Photo: Rob Holland/Flickr
On a global scale, home prices are rising at their slowest rate since 2015. But, in the first quarter of 2018, the City of Vancouver continued to outperform all Canadian markets, and many international markets, with the fourth largest annual price growth out of 150 cities worldwide.
During the first three months of the year, the average residential home price in Vancouver saw a 15.4 per cent increase from the first quarter of 2017, according to Knight Frank’s Global Residential Cities Index, published this month.
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“In Vancouver, the mainstream and prime markets are diverging with prices registering 15.4% and 0.2% respectively on an annual basis” says Kate Everett-Allen, International Residential Researcher at Knight Frank, in a press release.
The real estate consulting group’s index tracks the movement in average residential prices across the globe, including ten Canadian cities.
The Indian city of Surat ranked first on the list, as prices there rose 22.3 per cent in Q1 2018, compared to the first quarter of 2017. Izmir, Turkey and Hong Kong, China took second and third place.
As for Vancouver’s big divide between conventional and luxury housing, Everett-Allen says the city’s prime residential market has been more heavily hit by macroprudential measures.
“The foreign buyer tax affected the higher end of the market (above $3 million) the most, although this market segment was already in decline when the tax measure came into place in 2016 (and the tax was subsequently increased to 20 per cent in February this year),” writes Everett-Allen in an email statement to Livabl.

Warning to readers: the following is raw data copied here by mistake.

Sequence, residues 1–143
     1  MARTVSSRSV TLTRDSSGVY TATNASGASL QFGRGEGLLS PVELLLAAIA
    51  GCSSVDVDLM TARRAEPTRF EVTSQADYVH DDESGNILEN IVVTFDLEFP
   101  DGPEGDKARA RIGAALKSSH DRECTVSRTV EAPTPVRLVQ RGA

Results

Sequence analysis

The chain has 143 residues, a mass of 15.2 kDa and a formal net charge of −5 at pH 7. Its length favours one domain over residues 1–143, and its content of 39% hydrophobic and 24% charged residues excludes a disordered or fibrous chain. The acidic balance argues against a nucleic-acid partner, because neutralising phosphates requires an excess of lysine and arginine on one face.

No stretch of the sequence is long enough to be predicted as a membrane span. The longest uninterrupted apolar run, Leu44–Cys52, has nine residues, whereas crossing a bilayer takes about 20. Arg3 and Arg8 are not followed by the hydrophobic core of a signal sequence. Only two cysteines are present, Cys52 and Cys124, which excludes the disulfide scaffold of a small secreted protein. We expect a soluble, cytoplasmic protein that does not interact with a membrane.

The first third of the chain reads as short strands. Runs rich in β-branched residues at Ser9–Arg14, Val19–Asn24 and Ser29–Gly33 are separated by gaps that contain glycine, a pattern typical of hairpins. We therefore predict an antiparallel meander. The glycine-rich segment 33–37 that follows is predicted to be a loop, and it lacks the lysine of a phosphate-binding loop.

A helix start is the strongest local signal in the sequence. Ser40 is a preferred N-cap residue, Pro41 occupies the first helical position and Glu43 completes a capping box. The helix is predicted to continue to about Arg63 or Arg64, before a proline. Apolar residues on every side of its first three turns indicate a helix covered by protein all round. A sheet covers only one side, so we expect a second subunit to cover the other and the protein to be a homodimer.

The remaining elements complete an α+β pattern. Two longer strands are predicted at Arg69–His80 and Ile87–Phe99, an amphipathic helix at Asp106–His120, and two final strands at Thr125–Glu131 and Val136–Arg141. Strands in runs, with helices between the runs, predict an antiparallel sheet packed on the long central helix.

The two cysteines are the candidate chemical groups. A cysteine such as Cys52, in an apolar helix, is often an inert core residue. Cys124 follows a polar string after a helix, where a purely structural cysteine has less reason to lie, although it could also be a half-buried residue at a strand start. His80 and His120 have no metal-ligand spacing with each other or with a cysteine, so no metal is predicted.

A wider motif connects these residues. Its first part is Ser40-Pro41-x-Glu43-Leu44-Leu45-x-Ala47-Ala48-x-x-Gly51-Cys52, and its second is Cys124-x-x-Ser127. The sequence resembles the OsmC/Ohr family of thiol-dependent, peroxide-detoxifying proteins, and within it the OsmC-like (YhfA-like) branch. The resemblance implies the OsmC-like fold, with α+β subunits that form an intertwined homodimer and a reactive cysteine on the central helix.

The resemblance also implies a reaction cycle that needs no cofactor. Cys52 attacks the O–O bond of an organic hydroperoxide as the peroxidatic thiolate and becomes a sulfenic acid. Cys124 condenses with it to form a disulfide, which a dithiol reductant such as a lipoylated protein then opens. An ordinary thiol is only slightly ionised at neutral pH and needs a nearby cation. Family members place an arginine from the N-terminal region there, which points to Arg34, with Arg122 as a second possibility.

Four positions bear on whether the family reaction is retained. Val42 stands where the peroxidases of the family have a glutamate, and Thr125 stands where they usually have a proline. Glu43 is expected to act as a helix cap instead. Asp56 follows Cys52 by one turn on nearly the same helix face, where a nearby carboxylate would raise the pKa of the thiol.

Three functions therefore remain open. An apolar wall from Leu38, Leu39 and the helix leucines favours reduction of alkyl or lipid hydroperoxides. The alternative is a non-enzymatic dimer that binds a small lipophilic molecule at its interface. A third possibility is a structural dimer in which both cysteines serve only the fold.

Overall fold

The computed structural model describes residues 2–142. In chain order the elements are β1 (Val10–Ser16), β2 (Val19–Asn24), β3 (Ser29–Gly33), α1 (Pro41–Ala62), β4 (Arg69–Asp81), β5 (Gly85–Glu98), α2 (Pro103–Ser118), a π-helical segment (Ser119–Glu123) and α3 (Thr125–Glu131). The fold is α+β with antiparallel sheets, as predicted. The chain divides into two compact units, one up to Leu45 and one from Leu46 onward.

“It is the lower end of the market where the highest competition for homes are creating the greatest pressure on prices,” she adds.
Knight Frank notes that divergent markets are also evident on a national scale. The report outlines the top 10 global countries with the largest gap between their strongest and weakest performing cities, based on annual price growth.
Canada ranked third on the list with a 15.8 per cent gap in residential home price growth between Quebec City and Vancouver.
In the first quarter of 2018, Quebec City saw a 0.4 per cent decline in home prices, compared to the same period a year ago. However, Everett-Allen says market conditions are improving in the province’s capital.
“Average prices in Quebec [City] hit their peak in November 2017 before moderating in the first quarter, and the latest data shows a slight uptick in the second quarter. Improving economic indicators — lower unemployment and rising average incomes — are boosting consumer sentiment and transactional activity.”
India ranked first with a 27.1 per cent gap between its strongest and weakest performing cities of Delhi and Surat in Q1 2018. Australia came in second place with a 20.6 per cent gap between the cities of Darwin and Hobart.